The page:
Leadership Letters
Leadership Letters

Writings on Christian leadership and leader development by Malcolm Webber

February 2004
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Leaders are Built a Few at a Time

Malcolm WebberMalcolm Webber

In this Letter we return to a subject we touched on previously: the building of leaders.

He told them another parable: “The kingdom of heaven is like a mustard seed, which a man took and planted in his field. Though it is the smallest of all your seeds, yet when it grows, it is the largest of garden plants and becomes a tree, so that the birds of the air come and perch in its branches.” (Matt. 13:31-32)

When we look around at the world we can easily be overwhelmed by the size of the need. Yet, today there are about 667 million “Great Commission Christians” out of a world population of 6.2 billion people. In other words, approximately 1 in 9 human beings alive on the earth is a “Great Commission Christian.” This means that God really doesn’t need you or me or our ministries. He has hundreds of thousands of churches and ministries around the world, and hundreds of millions of sons and daughters who can do the job for Him. If you or I disappeared tomorrow, it is not likely that the cause of the Kingdom would suffer too much!

However, what was the situation when Jesus walked the earth 2000 years ago? How many “Great Commission Christians” were there then? Arguably, only one – Jesus! Thus, Jesus had no option; He had to succeed. The future of the Kingdom of God entirely depended on Him! No one else could do it. If He failed, it was all over. Can you imagine the pressure He was under?

Here’s the contrast. We are overwhelmed by the need around us and our thoughts are usually along the lines of: “The need is so great we have to train thousands of leaders! How can we set up a ‘production line’ of some kind so that we can produce the multitudes of necessary leaders quickly?” And whether we live or die does not mean that much – in reality, it does not. But when Jesus looked at a much greater need, instead of thinking of production lines He chose twelve men and concentrated on them for three years! That was His response to the incredible need that He faced.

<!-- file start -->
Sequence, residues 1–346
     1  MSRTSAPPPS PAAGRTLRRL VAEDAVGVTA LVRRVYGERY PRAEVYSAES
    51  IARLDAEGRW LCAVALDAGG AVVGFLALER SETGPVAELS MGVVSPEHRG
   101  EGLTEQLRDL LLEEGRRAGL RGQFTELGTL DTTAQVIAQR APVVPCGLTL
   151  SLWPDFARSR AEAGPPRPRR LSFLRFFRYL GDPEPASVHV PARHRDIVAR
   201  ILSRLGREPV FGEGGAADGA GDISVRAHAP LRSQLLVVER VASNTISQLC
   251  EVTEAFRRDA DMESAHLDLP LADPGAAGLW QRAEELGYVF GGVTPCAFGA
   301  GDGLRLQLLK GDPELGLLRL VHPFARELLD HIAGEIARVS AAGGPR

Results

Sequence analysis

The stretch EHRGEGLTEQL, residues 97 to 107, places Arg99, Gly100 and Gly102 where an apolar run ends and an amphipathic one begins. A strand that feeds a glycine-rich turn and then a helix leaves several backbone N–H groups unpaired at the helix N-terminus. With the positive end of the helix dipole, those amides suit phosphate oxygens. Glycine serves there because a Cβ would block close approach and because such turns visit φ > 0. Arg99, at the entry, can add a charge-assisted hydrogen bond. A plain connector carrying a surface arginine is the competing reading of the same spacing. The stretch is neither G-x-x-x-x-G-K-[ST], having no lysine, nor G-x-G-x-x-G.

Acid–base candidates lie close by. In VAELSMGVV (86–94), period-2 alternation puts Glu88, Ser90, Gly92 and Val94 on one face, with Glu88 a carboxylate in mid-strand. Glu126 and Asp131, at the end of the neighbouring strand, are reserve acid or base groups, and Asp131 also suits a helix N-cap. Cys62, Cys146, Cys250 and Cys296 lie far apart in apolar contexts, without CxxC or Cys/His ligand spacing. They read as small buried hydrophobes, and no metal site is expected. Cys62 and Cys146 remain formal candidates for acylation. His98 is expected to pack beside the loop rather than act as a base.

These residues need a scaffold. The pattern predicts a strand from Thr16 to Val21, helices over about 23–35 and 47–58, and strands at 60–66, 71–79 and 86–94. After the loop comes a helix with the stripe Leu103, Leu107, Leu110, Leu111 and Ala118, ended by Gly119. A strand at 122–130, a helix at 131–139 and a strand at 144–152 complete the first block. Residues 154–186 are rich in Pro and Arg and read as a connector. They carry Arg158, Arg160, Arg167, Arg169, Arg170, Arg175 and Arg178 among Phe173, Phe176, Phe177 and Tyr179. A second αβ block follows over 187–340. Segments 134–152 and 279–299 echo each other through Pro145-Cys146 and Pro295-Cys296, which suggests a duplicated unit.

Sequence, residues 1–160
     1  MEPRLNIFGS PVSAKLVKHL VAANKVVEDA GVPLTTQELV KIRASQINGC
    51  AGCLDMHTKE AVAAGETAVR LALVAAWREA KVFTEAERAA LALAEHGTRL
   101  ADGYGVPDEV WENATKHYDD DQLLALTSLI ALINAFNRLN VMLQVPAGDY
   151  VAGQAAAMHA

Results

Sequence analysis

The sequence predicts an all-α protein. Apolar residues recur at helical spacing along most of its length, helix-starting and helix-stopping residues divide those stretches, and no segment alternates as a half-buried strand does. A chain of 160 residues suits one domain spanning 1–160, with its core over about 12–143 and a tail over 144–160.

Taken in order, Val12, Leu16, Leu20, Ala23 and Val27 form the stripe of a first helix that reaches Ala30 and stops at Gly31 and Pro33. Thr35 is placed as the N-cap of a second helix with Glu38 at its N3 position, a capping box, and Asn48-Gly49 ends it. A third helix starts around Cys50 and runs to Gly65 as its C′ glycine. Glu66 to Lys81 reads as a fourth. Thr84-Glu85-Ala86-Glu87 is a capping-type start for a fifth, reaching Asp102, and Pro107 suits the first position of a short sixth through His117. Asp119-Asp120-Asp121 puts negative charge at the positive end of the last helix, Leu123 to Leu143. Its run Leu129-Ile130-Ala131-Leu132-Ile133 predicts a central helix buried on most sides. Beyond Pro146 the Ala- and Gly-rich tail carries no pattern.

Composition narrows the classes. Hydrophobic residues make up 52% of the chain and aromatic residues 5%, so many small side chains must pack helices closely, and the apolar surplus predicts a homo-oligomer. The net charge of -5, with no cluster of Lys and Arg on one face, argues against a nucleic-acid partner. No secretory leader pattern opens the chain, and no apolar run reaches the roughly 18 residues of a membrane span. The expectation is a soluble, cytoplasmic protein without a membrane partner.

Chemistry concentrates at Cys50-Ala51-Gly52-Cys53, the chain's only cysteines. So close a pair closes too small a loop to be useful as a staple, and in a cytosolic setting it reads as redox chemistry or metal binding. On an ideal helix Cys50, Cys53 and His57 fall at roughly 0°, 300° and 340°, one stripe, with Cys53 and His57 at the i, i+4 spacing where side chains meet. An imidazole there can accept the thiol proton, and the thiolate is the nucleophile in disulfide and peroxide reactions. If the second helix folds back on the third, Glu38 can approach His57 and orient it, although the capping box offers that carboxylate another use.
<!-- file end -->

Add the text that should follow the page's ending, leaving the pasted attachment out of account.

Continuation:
Surely we can learn from His example that it is far better to do a lot with few, than a little with many. In response to a far greater crisis of lack of leadership than we will ever face, Jesus’ focus was not on numbers, but on quality. He did it right! Jesus concentrated on building only a few leaders. He built only 12 (or 11) main leaders who would head His entire organization that would change the world! This was the model He gave us.

Since leaders personally build leaders, one leader can build only a few other leaders at a time – that is, if he wants to do it properly. He cannot personally build thousands of leaders. As much as we might like to flatter ourselves that we can build thousands of leaders, it would be wise for us to remember that Jesus built only a handful and it took Him three years to do it!

The Lord Jesus Christ was the greatest Builder of leaders who has ever lived and He focused on a few. His vision was huge; His vision was a church that would eventually number in the hundreds of millions! His vision was the taking of the gospel of the Kingdom of God to all nations! Yet He focused on a few men – 12 to be exact. Twelve men to change the world. Twelve men to whom He would commit the monumental task of building His church. And one of them failed, leaving Him only 11 in the end! With these few men He spent much of His time; into these few men He poured His life; to these few men He committed His entire future agenda for the world.